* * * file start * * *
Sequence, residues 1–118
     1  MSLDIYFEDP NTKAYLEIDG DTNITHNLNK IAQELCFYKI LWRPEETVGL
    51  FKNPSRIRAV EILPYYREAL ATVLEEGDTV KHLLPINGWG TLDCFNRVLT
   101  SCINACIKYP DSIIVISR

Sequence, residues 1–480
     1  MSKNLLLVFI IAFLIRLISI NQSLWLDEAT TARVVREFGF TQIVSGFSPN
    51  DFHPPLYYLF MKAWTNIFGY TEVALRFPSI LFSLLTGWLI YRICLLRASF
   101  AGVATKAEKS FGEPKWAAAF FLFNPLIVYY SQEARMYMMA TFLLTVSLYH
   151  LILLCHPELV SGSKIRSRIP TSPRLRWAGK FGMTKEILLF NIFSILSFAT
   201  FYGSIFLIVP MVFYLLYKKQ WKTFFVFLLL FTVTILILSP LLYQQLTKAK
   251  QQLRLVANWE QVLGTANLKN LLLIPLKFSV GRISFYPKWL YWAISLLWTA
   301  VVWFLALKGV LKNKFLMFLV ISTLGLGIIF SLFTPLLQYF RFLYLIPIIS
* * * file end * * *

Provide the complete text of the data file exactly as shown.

Sequence, residues 1–118
     1  MSLDIYFEDP NTKAYLEIDG DTNITHNLNK IAQELCFYKI LWRPEETVGL
    51  FKNPSRIRAV EILPYYREAL ATVLEEGDTV KHLLPINGWG TLDCFNRVLT
   101  SCINACIKYP DSIIVISR

Sequence, residues 1–480
     1  MSKNLLLVFI IAFLIRLISI NQSLWLDEAT TARVVREFGF TQIVSGFSPN
    51  DFHPPLYYLF MKAWTNIFGY TEVALRFPSI LFSLLTGWLI YRICLLRASF
   101  AGVATKAEKS FGEPKWAAAF FLFNPLIVYY SQEARMYMMA TFLLTVSLYH
   151  LILLCHPELV SGSKIRSRIP TSPRLRWAGK FGMTKEILLF NIFSILSFAT
   201  FYGSIFLIVP MVFYLLYKKQ WKTFFVFLLL FTVTILILSP LLYQQLTKAK
   251  QQLRLVANWE QVLGTANLKN LLLIPLKFSV GRISFYPKWL YWAISLLWTA
   301  VVWFLALKGV LKNKFLMFLV ISTLGLGIIF SLFTPLLQYF RFLYLIPIIS